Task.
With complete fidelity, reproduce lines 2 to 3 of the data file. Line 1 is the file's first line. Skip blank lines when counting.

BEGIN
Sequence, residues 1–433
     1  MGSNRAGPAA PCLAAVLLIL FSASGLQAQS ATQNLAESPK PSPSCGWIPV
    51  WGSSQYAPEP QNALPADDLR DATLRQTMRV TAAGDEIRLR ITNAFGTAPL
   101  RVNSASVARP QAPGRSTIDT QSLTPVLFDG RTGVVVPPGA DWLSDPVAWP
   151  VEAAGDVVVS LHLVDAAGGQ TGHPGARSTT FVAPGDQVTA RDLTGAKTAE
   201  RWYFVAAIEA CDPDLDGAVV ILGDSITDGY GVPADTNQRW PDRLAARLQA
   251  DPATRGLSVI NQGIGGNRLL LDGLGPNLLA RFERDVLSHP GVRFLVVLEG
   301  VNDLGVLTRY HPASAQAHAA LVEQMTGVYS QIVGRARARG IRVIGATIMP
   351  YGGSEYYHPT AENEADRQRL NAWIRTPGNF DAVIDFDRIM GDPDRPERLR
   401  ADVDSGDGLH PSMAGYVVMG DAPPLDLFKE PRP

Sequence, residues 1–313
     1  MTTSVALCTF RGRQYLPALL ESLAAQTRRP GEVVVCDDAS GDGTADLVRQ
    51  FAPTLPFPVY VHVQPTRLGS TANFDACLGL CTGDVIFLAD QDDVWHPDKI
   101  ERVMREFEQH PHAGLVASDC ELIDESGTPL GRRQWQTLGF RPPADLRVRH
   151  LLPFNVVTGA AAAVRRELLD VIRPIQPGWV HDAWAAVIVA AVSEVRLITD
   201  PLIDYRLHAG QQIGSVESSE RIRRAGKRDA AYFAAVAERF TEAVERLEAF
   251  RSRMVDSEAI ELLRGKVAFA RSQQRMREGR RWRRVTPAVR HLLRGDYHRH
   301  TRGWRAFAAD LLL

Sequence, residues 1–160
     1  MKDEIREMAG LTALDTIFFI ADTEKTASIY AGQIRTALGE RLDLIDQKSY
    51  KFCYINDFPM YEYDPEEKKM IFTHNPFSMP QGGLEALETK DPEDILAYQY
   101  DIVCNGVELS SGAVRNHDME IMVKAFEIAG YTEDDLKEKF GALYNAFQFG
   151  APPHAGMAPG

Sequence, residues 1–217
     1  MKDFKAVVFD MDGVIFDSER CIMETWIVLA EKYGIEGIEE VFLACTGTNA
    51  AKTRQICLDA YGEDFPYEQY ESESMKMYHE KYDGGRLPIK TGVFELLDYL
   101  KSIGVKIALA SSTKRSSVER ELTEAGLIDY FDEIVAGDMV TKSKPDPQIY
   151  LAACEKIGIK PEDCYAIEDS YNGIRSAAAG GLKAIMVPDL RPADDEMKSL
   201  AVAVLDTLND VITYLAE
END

     1  MGSNRAGPAA PCLAAVLLIL FSASGLQAQS ATQNLAESPK PSPSCGWIPV
    51  WGSSQYAPEP QNALPADDLR DATLRQTMRV TAAGDEIRLR ITNAFGTAPL